Hospitality Insurance for Businesses
The hospitality and tourism industry includes restaurants, hotels, spas, resorts, theme parks, and many other businesses. Although they may vary a great deal in terms of the experiences they offer guests, there are also a lot of commonalities. For example, most businesses are primarily run for amusement, eating, fun, recreation, or travel.
Regardless of what category your business falls under, you should do everything in your power to protect your business, its employees, and its customers. Hospitality insurance comes in handy in these circumstances. If you have not purchased hospitality insurance previously, now would be a good time to learn about it.
Understanding Hospitality Insurance
Whether running a hotel, motel, spa, restaurant, or other commercial enterprise, you must keep your building safe from unforeseen occurrences that could cost you a lot of money. The best way to handle this is by having a hospitality insurance program designed specifically with your business needs in mind.
These policies can cover bodily injury accidents, property damages, or sickness resulting from the operations of your business. Legal costs are usually covered if your business is sued due to a customer getting hurt on your premises or because of your operations.
Hospitality Insurance Coverage
Hospitality insurance is not a unique kind of insurance sold, but rather a description used for the various customizable insurance policies commonly purchased by hospitality businesses. Commonly recommended coverages include:
General liability insurance
This insurance secures your small business against claims or lawsuits of bodily injury or property damage caused by the operations of your business. Claims of personal and advertising injury are also covered under General Liability insurance.
Commercial property insurance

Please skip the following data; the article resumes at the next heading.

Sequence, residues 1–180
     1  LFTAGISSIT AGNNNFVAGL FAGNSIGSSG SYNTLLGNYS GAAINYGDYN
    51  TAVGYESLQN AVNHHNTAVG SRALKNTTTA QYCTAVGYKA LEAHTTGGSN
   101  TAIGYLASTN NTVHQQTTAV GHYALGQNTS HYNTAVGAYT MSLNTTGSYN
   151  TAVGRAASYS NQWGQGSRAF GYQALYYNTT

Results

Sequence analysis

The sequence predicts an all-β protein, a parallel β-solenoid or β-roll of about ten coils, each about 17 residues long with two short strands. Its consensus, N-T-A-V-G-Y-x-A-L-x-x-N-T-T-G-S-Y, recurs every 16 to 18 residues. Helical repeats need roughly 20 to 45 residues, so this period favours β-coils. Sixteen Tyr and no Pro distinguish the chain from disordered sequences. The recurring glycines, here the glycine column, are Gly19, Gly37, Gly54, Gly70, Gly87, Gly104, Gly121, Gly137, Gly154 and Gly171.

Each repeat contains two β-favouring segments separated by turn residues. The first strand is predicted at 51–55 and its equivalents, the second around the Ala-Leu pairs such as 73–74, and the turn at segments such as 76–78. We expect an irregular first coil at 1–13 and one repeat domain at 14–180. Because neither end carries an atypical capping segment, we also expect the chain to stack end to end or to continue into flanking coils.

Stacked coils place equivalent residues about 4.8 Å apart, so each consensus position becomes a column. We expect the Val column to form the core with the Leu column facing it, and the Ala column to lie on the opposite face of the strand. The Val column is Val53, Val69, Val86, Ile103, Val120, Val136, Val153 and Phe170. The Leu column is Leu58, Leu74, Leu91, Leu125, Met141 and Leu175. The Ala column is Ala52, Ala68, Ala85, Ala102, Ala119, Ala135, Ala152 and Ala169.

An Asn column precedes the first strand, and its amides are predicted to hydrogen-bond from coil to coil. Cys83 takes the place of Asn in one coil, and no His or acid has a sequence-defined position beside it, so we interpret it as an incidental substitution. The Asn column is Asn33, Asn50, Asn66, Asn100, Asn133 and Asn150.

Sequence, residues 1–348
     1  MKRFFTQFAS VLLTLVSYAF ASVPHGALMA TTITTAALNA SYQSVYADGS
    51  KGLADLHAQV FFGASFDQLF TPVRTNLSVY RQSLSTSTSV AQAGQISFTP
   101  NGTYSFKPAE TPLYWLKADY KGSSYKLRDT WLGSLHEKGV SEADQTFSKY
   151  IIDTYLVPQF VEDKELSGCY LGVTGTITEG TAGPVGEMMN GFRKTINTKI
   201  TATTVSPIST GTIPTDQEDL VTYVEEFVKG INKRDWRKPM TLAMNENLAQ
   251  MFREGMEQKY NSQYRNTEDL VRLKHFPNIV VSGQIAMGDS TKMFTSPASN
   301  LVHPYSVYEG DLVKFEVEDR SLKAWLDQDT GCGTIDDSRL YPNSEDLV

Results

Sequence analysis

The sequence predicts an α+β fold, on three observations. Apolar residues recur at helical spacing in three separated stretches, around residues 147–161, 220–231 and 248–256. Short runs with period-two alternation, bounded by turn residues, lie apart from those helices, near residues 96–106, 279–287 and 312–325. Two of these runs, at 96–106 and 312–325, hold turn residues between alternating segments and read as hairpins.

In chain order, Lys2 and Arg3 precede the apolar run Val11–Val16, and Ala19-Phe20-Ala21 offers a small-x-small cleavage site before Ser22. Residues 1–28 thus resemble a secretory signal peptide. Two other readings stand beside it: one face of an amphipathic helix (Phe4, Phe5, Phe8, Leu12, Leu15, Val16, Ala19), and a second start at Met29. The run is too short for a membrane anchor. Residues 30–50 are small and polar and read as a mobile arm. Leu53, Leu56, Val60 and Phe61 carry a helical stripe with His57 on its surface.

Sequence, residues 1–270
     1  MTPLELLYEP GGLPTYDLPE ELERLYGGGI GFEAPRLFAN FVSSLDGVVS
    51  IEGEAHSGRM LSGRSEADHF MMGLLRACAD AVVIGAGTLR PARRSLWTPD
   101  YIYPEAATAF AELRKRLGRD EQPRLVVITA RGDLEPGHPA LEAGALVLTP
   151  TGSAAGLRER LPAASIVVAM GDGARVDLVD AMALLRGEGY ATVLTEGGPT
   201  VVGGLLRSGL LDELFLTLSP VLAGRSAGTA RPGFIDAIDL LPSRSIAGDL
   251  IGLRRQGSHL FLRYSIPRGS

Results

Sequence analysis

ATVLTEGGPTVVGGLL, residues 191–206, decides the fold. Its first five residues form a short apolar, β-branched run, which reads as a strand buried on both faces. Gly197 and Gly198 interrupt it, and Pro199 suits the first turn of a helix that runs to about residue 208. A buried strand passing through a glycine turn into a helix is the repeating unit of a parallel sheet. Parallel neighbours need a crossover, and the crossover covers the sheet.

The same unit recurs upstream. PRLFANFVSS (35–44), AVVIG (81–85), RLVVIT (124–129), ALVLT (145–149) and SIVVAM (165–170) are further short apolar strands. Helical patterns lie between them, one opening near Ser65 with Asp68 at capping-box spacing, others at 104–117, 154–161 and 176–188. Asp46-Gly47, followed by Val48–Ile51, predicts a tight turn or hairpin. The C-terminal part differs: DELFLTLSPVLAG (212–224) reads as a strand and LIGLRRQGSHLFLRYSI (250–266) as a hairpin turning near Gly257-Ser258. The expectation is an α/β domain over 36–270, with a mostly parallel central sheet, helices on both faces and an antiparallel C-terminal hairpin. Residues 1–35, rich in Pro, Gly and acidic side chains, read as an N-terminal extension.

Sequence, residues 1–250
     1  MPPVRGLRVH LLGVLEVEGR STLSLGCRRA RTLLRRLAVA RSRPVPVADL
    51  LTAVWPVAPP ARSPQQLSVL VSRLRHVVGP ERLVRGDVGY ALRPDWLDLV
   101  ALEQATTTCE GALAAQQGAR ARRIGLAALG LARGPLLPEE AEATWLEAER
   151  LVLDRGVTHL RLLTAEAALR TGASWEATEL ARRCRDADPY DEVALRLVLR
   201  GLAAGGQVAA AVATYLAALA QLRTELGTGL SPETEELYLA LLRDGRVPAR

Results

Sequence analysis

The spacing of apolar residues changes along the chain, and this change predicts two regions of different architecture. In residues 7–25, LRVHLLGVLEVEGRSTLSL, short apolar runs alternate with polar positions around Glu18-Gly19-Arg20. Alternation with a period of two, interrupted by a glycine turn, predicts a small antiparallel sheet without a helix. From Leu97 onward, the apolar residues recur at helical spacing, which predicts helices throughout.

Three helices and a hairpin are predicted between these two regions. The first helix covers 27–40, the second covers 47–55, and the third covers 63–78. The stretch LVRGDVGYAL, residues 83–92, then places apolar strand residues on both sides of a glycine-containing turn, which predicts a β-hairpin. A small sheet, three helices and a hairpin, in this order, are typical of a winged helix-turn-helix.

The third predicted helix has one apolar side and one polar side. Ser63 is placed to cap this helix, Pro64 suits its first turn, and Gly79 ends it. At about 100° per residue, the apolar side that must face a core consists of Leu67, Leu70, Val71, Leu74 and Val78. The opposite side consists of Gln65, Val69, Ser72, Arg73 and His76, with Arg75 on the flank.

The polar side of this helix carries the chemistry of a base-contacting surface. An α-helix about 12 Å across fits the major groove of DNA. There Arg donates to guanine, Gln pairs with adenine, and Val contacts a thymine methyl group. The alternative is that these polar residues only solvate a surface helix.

This policy covers damage to your owned buildings and business assets, such as buildings, furniture, inventory, food, and equipment. Commercial property can also cover outdoor items, such as pool furniture and pool pump and equipment.
Business interruption insurance
Business income is a type of property insurance, it enables a business to replace a revenue stream when your operation must close due to covered damage to the building. For instance, if a hurricane severely damaged your hotel and you are unable to host guests, net business income can be recovered during the period of restoring your building to open again for business. Subject to the limits chosen and applicable deductible.
Other coverage options depend on your business’s unique needs. Get in touch with an agent to hear about the hospitality insurance options available to you.
This coverage protects the employer against employee injuries and occupational illnesses resulting from their job. Employers’ Liability, typically included in work comp policies, protects your company against liability arising out of employee injuries not covered by workers’ compensation. Workers Comp is generally required by most states, depending on the number of employees, industry, and other factors.
Commercial umbrella liability insurance: This insurance provides additional insurance limits beyond the company’s underlying general, auto, and employers’ liability insurance policies. Umbrella insurance will step in to pay covered claims once the underlying limits, usually $1,000,000 are exhausted by paid claims.
Other Hospitality Insurance Policies
The various components of a hospitality insurance program will vary. However, the main thing to remember is that every hospitality insurance program should be customized for your business’s concerns. Consider the following additional policies.
Cyber insurance can provide protection for hospitality organizations against a range of risks related to cyber attacks, ransomware, denial of service, and network security breaches. Third-party liability coverage protects against lawsuits and claims from customers, employees, or vendors, whose personal information has been compromised due to a data breach. First-party coverage can help organizations cover their own costs associated with responding to a breach, including crisis management expenses, business interruption losses, and the costs of notifying affected individuals and providing credit monitoring services.
First-party cyber insurance can also cover costs associated with repairing or replacing damaged hardware or software, investigating the cause of a breach, and addressing any regulatory fines or penalties that may result from the incident. With the increasing frequency and severity of cyber threats, cyber insurance has become an essential tool for all organizations to manage their cyber risks and protect themselves against potentially devastating financial losses.